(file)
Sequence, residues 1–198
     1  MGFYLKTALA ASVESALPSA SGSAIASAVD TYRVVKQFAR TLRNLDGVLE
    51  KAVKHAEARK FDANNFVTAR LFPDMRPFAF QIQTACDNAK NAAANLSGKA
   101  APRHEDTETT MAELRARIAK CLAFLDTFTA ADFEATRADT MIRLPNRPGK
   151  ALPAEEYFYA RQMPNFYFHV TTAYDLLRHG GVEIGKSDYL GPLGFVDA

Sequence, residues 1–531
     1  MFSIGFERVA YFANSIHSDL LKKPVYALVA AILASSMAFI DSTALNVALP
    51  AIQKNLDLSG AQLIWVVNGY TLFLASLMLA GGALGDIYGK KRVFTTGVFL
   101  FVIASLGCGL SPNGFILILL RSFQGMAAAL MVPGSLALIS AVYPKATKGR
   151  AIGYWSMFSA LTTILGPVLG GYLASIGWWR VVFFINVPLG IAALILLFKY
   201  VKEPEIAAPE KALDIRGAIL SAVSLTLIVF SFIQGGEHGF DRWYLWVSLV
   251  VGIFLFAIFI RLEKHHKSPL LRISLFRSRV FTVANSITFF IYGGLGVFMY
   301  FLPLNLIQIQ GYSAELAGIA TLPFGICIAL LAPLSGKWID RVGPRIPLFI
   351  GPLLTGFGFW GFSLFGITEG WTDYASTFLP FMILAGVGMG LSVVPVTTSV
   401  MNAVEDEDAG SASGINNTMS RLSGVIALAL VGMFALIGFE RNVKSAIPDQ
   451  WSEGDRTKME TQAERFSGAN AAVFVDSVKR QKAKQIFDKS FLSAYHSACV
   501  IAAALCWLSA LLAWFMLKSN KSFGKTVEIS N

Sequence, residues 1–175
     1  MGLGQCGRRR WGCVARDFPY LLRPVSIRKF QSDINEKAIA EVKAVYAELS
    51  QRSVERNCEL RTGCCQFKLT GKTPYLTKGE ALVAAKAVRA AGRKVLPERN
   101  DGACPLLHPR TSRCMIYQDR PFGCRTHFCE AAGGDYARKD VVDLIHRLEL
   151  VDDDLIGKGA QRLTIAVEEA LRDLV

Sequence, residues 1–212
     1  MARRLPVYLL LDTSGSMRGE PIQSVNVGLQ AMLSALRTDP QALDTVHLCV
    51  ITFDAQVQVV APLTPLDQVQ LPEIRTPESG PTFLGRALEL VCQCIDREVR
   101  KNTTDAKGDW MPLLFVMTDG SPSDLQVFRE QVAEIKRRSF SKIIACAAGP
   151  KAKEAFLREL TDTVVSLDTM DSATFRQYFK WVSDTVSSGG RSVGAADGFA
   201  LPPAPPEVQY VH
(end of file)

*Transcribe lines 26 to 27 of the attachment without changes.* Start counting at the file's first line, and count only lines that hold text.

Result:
   101  KNTTDAKGDW MPLLFVMTDG SPSDLQVFRE QVAEIKRRSF SKIIACAAGP
   151  KAKEAFLREL TDTVVSLDTM DSATFRQYFK WVSDTVSSGG RSVGAADGFA